Sonos Ace: A big noise
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Sonos Ace: A big noise

Sonos Ace stirs the Thai premium headphone market

Sonos Ace: A big noise

Sonos, an American audio equipment company that manufactures wireless multiroom speaker systems tuned by Oscar and Grammy-winning producers, mixers and artists, has jumped into Thai audio market with the Sonos Ace premium headphones. Are these headphones any good? Let's find out.

The Sonos Ace headphones produce clear, natural and immersive sound. The dynamic drivers deliver fantastic and full sound, but if you want something punchier or bassier, you'll have to adjust the equaliser in your music app. As a bass-head myself, I jacked up the bass quite a bit to fit my taste.

These headphones support spatial audio, active noise-cancelling, noise-passthrough, lossless sound, Dolby Atmos, fast charge, head-tracking, wired connection, Bluetooth and Wi-Fi, which is basically everything you can ask for from a set of headphones.

Sonos Ace.

Spatial audio places sounds in different locations around the room and is not the same as surround sound, where sound feels like it is coming from directional speakers. Filmmakers, sound designers and music creatives can precisely place sounds anywhere around a room to create an immersive soundscape. The result is a spatial sound experience that fills up the room and mimics the way we hear things in real life. But that also depends on what kind of streaming service you are using too (YouTube Music doesn't support it).

I have several earbuds and earphones that have head-tracking capability, which emulates where the sound is according to its source, and found that the Sonos Aces moves sounds when you turn left, right, up or down instantly with no delay. I found head-tracking cool for a few hours but then it became a little useless, because most of the time you are directly facing the sound source and if you turn around to pick up a glass of water, the sound moves behind you which serves little purpose.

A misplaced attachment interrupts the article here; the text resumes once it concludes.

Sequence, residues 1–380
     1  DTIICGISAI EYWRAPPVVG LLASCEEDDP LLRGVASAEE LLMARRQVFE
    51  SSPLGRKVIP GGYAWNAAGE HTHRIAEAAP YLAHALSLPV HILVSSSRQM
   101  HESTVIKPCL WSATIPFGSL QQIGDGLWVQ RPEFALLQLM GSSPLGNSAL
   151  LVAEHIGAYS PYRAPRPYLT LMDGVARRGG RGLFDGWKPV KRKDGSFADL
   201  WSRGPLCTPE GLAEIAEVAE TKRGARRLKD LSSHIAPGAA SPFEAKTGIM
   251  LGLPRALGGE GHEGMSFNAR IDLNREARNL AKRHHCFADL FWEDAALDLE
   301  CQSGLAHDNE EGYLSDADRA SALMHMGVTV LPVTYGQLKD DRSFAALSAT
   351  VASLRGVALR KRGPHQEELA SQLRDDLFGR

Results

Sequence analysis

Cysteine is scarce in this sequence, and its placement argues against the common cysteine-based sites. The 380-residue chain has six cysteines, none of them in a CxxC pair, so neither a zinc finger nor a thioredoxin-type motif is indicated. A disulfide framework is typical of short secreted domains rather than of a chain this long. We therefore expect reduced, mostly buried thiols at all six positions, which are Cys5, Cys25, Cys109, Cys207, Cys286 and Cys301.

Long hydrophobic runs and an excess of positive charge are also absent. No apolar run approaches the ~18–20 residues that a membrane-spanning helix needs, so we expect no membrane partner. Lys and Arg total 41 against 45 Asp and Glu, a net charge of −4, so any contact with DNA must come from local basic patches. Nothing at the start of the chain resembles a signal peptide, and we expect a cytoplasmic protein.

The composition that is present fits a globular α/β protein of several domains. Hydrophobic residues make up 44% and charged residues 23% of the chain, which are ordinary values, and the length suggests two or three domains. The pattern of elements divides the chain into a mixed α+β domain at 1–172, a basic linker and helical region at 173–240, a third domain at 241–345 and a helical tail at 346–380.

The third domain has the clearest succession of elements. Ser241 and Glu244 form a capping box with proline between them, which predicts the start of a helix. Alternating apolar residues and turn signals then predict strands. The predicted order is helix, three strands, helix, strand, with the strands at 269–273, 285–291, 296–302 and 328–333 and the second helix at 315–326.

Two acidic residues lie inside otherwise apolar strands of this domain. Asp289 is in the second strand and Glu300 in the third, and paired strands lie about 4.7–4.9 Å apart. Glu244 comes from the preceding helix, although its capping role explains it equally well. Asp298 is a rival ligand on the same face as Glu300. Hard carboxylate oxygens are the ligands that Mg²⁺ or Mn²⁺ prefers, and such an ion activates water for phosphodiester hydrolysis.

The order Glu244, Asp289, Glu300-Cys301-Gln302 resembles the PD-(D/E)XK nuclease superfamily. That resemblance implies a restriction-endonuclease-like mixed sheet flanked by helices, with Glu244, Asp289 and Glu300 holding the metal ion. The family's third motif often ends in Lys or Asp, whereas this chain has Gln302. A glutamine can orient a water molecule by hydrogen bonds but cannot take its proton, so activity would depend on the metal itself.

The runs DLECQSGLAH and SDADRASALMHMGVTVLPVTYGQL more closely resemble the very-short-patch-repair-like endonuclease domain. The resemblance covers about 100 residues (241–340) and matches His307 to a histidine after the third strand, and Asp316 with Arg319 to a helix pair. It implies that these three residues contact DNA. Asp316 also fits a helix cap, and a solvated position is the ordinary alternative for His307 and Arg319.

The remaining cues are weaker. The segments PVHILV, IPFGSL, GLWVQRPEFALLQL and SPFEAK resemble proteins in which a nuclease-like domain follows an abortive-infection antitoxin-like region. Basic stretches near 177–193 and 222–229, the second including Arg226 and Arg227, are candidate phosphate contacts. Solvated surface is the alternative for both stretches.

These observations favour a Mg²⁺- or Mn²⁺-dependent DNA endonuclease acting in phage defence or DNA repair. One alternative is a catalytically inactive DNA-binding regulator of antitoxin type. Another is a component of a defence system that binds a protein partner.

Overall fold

Noise-cancelling and noise-transparency mode on these headphones work as intended. You can block out or let through most of the noise around you instantly with just the press of a button on the right ear cuff.

I connected these headphones to my Android phone and Windows PC and they switched to either music source instantly. This is very convenient when you have several devices.

The inner part of the headphones is cushy, with three physical buttons around the bottom rim of the cuffs. They all have dedicated functions assigned. Having physical button means that there will be no accidental activation, unlike touch controls.

The ear cuffs are made from soft vegan memory foam, which I found quite comfortable to wear for around 30 minutes, then it got a little too steamy for my liking, but that may be my own "big head" problem.

I am a big guy, with a big head and ears. The Sonos Ace squeezed my head and ears a little too firmly. For better comfort, I had to lessen the grip by putting the headphones on one of my toasters (which is just about the same width as my head) for several nights, stretching them.

The Sonos Ace headphones have superb battery life. I used these on-and-off a few hours at a time for a whole week and didn't have to recharge even once. Sonos claims these headphones can go for 30 hours, which reflects the 50% of battery I have left after around 15 hours of use. That's more than a whole day of music on a single charge.

At the time of review, in terms of being part of Sonos ecosystem, Sonos Ace can only connect to the Sonos Arc soundbar via Wi-Fi. Seamless connection to other Sonos sound systems via Wi-Fi will have to wait for future firmware updates, which may or may not come. But this may not be a problem for Thai customers because Sonos is still relatively new to the market.

Being a set of Bluetooth headphones means making and receiving phone calls as well, and the six microphones on these can pick up my voice nice and clear.

The headphones come in very premium packaging, with two security paper tabs that can only be opened once to make sure it's a new, original product, a cushy pouch, and suspension cushions to keep the headphones intact even in bad transportation conditions.

The Sonos phone app is still in beta though. Many things are not quite cooked yet. For instance, there are no presets in the equaliser section (pop, rock, classic, jazz, etc), and you can only adjust bass, treble and loudness, plus there's a spotty firmware updating process that took me multiple times to actually complete. But if you're looking for something that rivals Apple's top-of-the-line headphones in both sound and comfort, these headphones will not disappoint. And they're cheaper too.


  • Drivers: 40mm dynamic
  • Microphones: 8 for noise control and voice targeting
  • Colour: Black, white
  • Connections: USB-C, Bluetooth, 3.5mm jack, Wi-Fi
  • Warranty: 1 year
  • Price: 17,900 baht
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